near-death experiences per capita of their religion. The high number of reported near-death

experiences is probably due to the social values of the Latter-day Saints which encourages

individuals to share their near-death experiences much more openly than most other social

groups. Mormons interpret the near-death experiences as part of their religious beliefs and a

glimpse of life after death.


All religions have an interpretation of death and afterlife. Each conform, with the

acceptance of atheists and agnostics, that there is an afterlife of some type. The consistency

between numerous reports of near-death experiences, regardless of religious beliefs, and the

similarity of the near-death experiences to reported religious experiences, provide plausible

arguments for the transpersonal theories of this experience.

17 Throughout history Buddhists and Hindus, Muslims, Jews, Christians, and Mormons have all reported having near-death experiences. These experiences are similar to some of the visions or journeys into the afterlife that are described in some of the sacred texts of their religions. The descriptions of the near-death experiences by members of these religious groups are believed, by many, to be a glimpse into life after death, and appear to be consistent with each religious group's interpretation of the afterlife. However, there are some religious leaders who do not believe that the experiencer has been indisputably dead and returned to life when he or she reports having a near-death experience. These leaders interpret these experiences as being pre- death visions of a transitory state prior to the individual's final death and judgment.

The near-death experiences of individuals of various beliefs are consistent with many religious beliefs concerning life after death and do not compromise the foundations of their religious traditions. The descriptions of the mystical, depersonalization, and hyperalert constellations of near-death experiences and the autoscopic and transcendental grouping of these experiences appear to closely relate to the levels of heightened sense of consciousness associated with some religious . However, the shift from an organized religious practice to a universalistically spiritual orientation may have an effect on the religious practices of some experiencers. Many choose to practice their new sense of within their earlier religions; however, many near-death experiencers move toward a religion that is more congruent with their new found knowledge, or choose to practice their spirituality through religious rituals and practices.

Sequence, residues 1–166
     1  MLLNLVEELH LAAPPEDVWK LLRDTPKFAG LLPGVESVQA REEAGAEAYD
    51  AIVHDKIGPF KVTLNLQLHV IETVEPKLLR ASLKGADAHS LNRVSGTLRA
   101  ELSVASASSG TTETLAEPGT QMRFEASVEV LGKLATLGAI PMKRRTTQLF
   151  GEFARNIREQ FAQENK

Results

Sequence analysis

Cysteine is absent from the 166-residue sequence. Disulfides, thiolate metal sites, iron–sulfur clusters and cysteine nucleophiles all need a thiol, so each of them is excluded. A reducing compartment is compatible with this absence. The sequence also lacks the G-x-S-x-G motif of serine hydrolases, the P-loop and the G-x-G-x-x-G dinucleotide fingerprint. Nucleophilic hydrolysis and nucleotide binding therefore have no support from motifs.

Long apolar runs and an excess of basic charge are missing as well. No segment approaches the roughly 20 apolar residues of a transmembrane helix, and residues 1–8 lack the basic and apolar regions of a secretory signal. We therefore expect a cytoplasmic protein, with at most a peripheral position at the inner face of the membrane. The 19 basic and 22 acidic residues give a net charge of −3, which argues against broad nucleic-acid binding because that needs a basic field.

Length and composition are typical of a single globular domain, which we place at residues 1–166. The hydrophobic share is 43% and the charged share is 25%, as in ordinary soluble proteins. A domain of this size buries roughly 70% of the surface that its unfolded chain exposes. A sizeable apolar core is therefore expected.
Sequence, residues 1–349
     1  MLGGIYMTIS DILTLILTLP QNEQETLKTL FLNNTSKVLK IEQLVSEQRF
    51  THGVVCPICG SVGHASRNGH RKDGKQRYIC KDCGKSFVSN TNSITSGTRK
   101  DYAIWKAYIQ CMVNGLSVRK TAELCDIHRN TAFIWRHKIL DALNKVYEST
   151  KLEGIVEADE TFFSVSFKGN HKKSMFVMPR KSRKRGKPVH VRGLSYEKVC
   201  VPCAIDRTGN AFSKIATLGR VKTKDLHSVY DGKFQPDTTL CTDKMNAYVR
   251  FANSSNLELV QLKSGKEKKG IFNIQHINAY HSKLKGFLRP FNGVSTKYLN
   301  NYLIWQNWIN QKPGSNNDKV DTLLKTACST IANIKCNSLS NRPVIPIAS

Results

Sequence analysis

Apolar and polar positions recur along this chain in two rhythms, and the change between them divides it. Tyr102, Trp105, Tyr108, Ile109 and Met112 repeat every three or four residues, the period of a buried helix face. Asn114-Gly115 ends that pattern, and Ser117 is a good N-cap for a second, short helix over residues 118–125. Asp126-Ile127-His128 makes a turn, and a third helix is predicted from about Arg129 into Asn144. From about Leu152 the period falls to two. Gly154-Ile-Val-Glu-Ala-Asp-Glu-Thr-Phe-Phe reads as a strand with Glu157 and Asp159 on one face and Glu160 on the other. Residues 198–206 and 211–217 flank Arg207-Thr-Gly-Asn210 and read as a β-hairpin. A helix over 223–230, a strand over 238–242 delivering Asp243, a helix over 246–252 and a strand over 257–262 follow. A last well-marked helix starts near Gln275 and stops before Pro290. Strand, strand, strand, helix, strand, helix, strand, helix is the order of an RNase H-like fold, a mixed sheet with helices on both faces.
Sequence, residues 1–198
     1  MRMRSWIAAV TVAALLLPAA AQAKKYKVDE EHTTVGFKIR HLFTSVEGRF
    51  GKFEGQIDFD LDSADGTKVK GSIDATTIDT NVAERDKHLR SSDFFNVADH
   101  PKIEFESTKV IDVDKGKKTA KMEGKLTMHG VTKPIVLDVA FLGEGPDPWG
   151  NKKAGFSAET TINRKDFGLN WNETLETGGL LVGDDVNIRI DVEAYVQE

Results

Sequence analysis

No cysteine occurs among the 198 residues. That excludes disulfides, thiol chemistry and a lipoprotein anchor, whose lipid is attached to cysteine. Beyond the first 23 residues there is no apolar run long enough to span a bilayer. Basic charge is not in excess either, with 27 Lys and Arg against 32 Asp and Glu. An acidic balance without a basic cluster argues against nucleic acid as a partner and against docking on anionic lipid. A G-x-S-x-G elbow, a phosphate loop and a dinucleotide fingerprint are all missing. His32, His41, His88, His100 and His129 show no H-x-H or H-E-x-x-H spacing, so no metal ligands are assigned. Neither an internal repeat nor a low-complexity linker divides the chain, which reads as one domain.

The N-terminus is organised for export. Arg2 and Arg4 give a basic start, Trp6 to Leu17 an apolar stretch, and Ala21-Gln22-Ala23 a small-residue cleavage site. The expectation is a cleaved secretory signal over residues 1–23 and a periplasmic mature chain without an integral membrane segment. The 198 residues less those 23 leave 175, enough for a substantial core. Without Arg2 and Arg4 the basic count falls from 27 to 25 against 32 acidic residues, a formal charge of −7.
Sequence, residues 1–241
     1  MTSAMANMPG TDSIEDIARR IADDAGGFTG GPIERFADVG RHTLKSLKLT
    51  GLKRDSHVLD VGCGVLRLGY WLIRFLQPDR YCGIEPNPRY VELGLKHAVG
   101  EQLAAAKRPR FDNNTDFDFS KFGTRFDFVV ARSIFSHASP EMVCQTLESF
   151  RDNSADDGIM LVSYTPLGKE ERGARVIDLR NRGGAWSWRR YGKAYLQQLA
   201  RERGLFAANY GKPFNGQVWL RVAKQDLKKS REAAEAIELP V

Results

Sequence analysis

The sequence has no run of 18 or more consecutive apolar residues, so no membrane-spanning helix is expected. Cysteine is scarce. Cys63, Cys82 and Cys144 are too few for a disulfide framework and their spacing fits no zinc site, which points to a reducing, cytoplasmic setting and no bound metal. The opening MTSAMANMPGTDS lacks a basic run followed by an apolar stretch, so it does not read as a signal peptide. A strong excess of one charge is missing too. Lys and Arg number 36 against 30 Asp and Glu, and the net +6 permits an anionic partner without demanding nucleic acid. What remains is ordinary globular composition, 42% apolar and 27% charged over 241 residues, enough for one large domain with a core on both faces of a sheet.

Many near-death experiencers attempt to incorporate their new sense of spirituality into their lives. This removes some of the limits of religious parochialism. To many experiencers it becomes less important to be a member of a specific religious group than to practice a more

18 spiritual life not based upon specific religious doctrine. However, some

experiencers chose to remain or become active in an organized religion in order to practice their new spirituality. It is therefore important for there to be an openness by religious groups towards individuals who report near-death experiences and not condemnation of the as

religious .

Due to the subjective nature of near-death experiences there can be no conclusive proof

that these experiences provide visions of life after death. However, the reports of out-of-body

experiences, the near-death experiences of children, and the notable changes in the near-death

experiencer's life following her or his experience, and the similarity of these experiences to

spiritual visions and religious belief of an afterlife, support the possibility of the validity that

near-death experiences are neuro-biological, psychological, and transpersonal experiences that

give the experiencer a glimpse of a possible reality between death and afterlife.